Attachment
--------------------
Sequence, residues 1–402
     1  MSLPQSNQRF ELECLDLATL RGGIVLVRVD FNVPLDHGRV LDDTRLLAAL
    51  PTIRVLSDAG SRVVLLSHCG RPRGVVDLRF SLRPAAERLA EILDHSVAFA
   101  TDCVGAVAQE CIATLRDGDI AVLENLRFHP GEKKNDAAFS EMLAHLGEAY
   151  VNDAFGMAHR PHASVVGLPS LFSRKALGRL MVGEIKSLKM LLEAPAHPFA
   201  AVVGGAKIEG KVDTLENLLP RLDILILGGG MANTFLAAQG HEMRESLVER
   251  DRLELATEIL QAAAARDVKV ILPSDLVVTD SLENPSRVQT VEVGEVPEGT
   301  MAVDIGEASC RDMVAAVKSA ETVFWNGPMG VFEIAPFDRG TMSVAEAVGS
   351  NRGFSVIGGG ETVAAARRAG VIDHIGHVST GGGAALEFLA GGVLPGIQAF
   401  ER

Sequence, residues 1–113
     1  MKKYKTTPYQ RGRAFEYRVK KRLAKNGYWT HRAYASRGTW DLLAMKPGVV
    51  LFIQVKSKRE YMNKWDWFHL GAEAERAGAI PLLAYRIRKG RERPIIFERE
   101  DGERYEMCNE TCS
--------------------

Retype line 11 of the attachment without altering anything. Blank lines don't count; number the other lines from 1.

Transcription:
Sequence, residues 1–113